Some of Africa's top scientists and policymakers have gathered in Dakar for a landmark forum they hope will start transforming African science, unleashing hidden potential for innovation and world class research.
Delegates attending the Next Einstein Forum (NEF) held in Senegal's capital Dakar say the goal is clear: To give African scientists the infrastructure they need to support their work and keep them on the continent, as well as offering them the visibility they need to expose their ground-breaking research.
Some 700 mathematicians and scientists from 80 countries including Nigeria, Sudan, Kenya, South Africa, Cameroon and Zimbabwe attended the forum. It was named after the German-born scientist Albert Einstein who revolutionized the way we view space and time in the early years of the 20th century.
Thierry Zomahoun, NEF chairman and founder, gave delegates one example of an African scientist who was not enjoying the visibility he deserved.
"You know there's a guy here that everyone should be running after who has solved a 70 year problem in immunology. 70-year problem! That will help improve vaccines," he said.
Zomahoun was referring to Wilfred Ndifon, a Cameroonian scientist who is using a mathematical approach to develop a flu vaccine and who believes his method could also be used to design vaccines for other viral diseases such as yellow fever, dengue and even Zika.
There are still a lot of scientists across Africa but they have been made invisible by a lack of development
Zomahoun, who is also CEO of the African Institute of Mathematical Sciences, complained that there were more African engineers in the United States than in the whole of Africa. He also deplored the miniscule size of Africa's contribution to the world research effort, which accounted for just 1 percent.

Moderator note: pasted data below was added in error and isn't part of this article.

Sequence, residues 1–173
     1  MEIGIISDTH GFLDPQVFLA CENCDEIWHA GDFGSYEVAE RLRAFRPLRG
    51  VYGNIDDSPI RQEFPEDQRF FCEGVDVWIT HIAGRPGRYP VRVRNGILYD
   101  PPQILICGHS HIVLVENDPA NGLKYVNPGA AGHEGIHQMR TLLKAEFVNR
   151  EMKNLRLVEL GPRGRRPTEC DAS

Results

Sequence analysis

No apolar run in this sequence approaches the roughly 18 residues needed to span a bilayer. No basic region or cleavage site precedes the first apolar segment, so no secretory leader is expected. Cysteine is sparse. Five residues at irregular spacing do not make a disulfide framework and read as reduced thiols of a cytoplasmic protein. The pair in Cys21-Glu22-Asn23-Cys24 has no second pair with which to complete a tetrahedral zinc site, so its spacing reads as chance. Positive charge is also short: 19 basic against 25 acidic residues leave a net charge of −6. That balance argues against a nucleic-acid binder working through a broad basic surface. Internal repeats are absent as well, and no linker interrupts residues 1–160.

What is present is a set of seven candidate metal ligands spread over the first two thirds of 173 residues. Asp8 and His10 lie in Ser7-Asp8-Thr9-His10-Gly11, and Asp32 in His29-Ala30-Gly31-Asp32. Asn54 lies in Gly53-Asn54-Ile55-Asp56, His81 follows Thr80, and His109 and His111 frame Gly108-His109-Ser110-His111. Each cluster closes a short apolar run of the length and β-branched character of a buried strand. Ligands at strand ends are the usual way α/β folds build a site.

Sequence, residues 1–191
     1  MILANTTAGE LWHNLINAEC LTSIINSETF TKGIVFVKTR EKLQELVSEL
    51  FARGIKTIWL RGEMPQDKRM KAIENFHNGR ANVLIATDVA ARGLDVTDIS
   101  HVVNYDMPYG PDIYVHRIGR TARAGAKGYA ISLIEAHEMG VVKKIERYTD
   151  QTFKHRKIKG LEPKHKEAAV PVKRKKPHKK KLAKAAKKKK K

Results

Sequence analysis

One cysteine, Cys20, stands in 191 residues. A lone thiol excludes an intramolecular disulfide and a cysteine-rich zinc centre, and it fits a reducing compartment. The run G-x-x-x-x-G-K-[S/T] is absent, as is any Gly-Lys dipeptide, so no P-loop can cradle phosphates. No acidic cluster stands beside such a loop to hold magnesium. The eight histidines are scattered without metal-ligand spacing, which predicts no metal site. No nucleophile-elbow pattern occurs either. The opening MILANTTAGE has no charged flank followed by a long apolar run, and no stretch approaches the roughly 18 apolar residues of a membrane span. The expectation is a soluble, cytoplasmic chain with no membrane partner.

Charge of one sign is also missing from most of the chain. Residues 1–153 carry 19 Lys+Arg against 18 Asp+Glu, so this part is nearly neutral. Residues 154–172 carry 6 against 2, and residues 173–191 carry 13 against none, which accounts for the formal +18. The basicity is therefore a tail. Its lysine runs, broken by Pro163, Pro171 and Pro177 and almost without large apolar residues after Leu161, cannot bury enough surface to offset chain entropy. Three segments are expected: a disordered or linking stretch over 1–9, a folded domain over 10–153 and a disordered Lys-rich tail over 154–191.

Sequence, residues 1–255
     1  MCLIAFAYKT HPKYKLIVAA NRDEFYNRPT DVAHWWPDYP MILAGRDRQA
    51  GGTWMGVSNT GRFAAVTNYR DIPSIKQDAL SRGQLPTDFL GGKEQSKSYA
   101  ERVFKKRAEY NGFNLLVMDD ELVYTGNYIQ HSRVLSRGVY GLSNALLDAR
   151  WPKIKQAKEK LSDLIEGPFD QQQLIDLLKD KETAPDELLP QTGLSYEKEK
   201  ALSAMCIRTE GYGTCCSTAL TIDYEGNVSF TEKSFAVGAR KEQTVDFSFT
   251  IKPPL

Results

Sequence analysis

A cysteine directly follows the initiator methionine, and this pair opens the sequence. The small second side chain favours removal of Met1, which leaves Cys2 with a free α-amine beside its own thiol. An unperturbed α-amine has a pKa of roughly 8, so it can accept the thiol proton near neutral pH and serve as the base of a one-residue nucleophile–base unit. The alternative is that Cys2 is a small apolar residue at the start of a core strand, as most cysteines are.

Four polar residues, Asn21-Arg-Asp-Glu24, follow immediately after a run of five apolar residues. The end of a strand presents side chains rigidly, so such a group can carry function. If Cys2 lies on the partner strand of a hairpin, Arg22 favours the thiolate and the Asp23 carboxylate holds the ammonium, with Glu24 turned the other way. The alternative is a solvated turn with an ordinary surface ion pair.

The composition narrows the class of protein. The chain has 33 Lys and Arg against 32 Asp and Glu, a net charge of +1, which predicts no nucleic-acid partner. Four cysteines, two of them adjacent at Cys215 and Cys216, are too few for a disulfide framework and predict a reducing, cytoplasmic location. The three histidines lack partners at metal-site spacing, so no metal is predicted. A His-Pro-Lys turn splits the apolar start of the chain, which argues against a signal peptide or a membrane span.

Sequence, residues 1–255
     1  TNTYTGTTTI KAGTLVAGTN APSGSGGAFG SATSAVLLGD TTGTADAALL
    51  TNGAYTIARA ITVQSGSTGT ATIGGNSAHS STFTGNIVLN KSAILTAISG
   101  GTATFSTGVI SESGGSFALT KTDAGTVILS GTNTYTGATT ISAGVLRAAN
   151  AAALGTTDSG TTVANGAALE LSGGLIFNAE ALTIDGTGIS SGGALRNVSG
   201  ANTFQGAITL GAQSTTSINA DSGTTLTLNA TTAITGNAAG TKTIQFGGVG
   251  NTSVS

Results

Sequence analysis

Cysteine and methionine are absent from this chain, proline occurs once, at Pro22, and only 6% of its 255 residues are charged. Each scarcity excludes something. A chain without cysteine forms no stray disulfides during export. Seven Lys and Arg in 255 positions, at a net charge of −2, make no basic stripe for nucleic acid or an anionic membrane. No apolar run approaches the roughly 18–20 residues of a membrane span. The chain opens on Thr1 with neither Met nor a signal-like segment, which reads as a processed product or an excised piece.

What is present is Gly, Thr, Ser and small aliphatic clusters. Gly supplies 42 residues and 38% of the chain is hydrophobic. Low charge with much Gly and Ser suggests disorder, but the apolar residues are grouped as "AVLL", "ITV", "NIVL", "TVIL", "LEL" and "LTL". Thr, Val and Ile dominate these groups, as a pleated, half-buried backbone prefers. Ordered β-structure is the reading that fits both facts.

"We need to reverse that trend," he said.
There was widespread agreement at the forum that scientists across Africa needed to be able to develop global scientific solutions without having to send their data, or themselves, abroad to complete their research.
But that difficulty will only be resolved once Africa invests more in higher education. John Silvanus Wilson Junior, President of Morehouse College in the United States said higher education was booming in sub-Saharan Africa.
"In the first decade of this century enrollments doubled to 5 million, we should be proud that it doubled to 5 million. The problem is we need 22 million to keep pace with the world. 22 million in higher education. We don't have the infrastructure for it right now," Wilson added.
Neshwa Issa, an assistant professor of physics from Sudan, shares this frustration at the lack of resources, which she has experienced first hand.
"If we don't have the infrastructure to produce something, how can we come up with something. We need the basics, at least we need the labs," she said.
Grace, a Nigerian student at the African Institute for Scientific Sciences in Senegal, said studying abroad was unavoidable, explaining that she had no choice but to finish her PhD abroad.
"But of course I'm planning to come back to Africa," she told DW.
Getting a grant for scientific research can be very difficult. But strategies are being put in place by individuals for individuals. Usually they are associated with social or personal endeavors and include crowd-funding. Dr Jane Kengeya Kayondo from the Africa Research Excellence Fund says they focus on post-doctorate fellowships, people who have got their PhD but only within the last five years and are therefore too early in their careers for anyone to have noticed them. There are also African scientists who have abandoned research and gone on to do other things, or who left for Europe or the US at the first opportunity.
"We want to retain them in Africa so they can use their excellent ideas here," Kayondo said.